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Korean J Anesthesiol > Epub ahead of print
DOI: https://doi.org/10.4097/kja.d.18.00346    [Epub ahead of print]
Published online February 19, 2019.
Implementation of the IPACK (Infiltration between the Popliteal Artery and Capsule of the Knee) block into a multimodal analgesic pathway for total knee replacement
Brandon Kandarian1, Pier F. Indelli4,5, Sanjay Sinha3, Oluwatobi O. Hunter2, Rachel R. Wang1,2, T. Edward Kim1,2, Alex Kou1,2, Edward R. Mariano1,2
1Department of Anesthesiology, Perioperative and Pain Medicine; Stanford University School of Medicine; Stanford, CA
2Anesthesiology and Perioperative Care Service; Veterans Affairs Palo Alto Health Care System; Palo Alto, CA
3Department of Anesthesiology; St. Francis Hospital and Medical Center; Hartford, CT
4Department of Orthopaedic Surgery; Stanford University School of Medicine; Stanford, CA
5Orthopaedic Surgery Section, Surgical Service; Veterans Affairs Palo Alto Health Care System; Palo Alto, CA
Corresponding author:  Edward R. Mariano, Tel: (650) 849-0254, Fax: (650) 852-3423, 
Email: emariano@stanford.edu
Received: 5 December 2018   • Revised: 17 January 2019   • Accepted: 14 February 2019
The IPACK (Infiltration between the Popliteal Artery and Capsule of the Knee) block is a new anesthesiologist-administered analgesic technique for controlling posterior knee pain in total knee arthroplasty (TKA) patients that has not yet been well studied. We compared pain outcomes in TKA patients before and after implementation of IPACK with the hypothesis that patients receiving IPACK blocks will report lower pain scores on postoperative day (POD) 0 compared to non-IPACK patients.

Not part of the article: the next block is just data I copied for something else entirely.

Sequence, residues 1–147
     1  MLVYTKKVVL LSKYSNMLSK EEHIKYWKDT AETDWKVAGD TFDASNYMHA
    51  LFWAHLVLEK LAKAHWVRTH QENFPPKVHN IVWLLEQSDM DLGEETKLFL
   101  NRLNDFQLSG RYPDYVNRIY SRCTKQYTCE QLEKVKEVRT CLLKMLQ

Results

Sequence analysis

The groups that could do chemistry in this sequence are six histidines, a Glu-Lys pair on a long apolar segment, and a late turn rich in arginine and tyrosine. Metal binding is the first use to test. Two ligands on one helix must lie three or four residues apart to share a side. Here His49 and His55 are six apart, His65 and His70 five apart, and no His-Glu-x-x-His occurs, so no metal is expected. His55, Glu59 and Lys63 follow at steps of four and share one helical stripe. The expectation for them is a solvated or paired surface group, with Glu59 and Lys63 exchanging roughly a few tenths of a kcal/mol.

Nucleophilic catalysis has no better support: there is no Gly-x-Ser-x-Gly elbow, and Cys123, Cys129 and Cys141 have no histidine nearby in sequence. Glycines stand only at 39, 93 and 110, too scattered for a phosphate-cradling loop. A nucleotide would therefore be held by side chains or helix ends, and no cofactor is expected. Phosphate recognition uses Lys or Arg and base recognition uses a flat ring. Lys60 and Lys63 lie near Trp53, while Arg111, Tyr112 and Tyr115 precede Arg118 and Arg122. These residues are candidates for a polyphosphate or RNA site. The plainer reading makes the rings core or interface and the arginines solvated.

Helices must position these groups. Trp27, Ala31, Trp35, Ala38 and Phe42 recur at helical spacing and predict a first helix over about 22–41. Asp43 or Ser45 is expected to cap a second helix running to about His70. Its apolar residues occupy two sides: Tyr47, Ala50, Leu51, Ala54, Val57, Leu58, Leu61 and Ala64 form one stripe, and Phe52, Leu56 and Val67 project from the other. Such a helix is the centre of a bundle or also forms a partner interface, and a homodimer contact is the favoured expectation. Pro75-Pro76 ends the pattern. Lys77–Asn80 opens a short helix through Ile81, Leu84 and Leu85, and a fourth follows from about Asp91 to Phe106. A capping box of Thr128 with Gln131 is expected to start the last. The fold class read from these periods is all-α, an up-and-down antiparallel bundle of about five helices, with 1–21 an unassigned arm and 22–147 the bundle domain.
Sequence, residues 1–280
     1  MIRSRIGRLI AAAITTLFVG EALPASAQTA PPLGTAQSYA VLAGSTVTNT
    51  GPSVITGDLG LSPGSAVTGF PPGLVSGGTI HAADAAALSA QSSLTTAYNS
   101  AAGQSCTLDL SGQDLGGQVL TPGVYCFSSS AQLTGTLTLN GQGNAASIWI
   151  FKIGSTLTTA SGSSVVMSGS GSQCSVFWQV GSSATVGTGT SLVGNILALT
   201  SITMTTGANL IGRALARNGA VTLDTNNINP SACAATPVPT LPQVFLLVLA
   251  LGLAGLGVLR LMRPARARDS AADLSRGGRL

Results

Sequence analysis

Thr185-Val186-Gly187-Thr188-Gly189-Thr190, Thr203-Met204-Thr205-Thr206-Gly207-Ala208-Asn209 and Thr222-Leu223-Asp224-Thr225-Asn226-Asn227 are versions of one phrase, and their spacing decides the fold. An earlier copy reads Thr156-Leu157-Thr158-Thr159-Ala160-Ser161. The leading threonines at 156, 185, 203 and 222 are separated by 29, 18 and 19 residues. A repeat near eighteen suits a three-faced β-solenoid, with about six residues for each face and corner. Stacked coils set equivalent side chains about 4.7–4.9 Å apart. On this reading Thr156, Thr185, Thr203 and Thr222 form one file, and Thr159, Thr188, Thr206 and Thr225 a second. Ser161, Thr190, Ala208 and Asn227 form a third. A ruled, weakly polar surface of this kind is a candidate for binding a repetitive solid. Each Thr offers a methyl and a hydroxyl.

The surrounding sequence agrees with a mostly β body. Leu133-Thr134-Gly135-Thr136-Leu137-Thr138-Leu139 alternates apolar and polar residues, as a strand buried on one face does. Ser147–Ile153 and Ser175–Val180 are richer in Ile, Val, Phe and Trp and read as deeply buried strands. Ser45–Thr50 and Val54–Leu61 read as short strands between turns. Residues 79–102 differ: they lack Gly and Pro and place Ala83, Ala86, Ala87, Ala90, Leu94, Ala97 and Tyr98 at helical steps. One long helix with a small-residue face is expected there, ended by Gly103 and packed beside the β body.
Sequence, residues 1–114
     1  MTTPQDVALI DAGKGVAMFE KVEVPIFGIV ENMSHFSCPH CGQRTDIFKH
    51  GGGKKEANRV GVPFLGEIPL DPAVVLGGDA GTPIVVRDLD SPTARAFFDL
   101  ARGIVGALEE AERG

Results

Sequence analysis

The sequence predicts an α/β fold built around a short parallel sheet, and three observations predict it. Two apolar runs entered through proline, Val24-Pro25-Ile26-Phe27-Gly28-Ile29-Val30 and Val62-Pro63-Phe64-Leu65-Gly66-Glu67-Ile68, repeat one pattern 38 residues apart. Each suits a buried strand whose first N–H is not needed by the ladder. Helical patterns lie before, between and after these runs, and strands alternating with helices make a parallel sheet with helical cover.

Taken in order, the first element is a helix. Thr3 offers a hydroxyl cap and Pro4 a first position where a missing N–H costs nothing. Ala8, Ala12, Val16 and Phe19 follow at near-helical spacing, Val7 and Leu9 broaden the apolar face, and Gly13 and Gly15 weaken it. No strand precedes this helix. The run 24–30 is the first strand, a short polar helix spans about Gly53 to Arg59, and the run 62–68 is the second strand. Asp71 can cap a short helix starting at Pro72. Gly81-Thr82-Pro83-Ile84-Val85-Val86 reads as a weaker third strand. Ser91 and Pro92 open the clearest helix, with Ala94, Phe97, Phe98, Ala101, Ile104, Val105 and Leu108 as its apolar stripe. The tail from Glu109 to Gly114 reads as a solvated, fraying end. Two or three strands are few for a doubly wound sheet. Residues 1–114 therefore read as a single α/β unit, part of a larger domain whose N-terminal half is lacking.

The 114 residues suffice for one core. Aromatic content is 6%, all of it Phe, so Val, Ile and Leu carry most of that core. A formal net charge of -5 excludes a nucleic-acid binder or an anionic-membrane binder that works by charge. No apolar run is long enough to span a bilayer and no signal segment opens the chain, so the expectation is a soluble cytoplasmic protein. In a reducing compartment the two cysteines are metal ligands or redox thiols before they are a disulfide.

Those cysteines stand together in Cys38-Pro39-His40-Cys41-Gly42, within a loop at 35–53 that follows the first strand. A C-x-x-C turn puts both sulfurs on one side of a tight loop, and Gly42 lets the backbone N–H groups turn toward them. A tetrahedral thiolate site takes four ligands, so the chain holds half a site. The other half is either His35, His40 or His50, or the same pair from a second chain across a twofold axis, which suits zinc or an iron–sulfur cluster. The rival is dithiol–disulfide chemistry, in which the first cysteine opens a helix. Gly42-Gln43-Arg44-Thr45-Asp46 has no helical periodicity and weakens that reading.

With IRB approval, we retrospectively reviewed data for consecutive TKA patients by a single surgeon four months before (PRE) and after (POST) IPACK implementation. All TKA patients received adductor canal catheters and perioperative multimodal analgesia. The primary outcome was pain on POD 0. Other outcomes were daily pain scores, opioid consumption, ambulation distance, length of stay, and 30-day adverse events.
Post-implementation, 48/50 (96%) of TKA patients received an IPACK block, and these cases were compared with 32 patients in the PRE group. On POD 0, lowest pain score [median (10th-90th percentiles] was significantly lower for the POST group compared to the PRE group [0 (0-4.3) vs. 2.5 (0-7), respectively; p=0.003]. Highest patient-reported pain scores on any POD were not different between groups, and there were no differences in other outcomes.
Within a multimodal analgesic protocol, addition of IPACK blocks decreases lowest pain scores on POD 0. Although other outcomes were unchanged, there may be a role for new opioid-sparing analgesic techniques, and changing clinical practice change can occur rapidly.
Key Words: Adductor canal catheter; Implementation; IPACK; Local infiltration analgesia; Multimodal analgesia; Total knee arthroplasty


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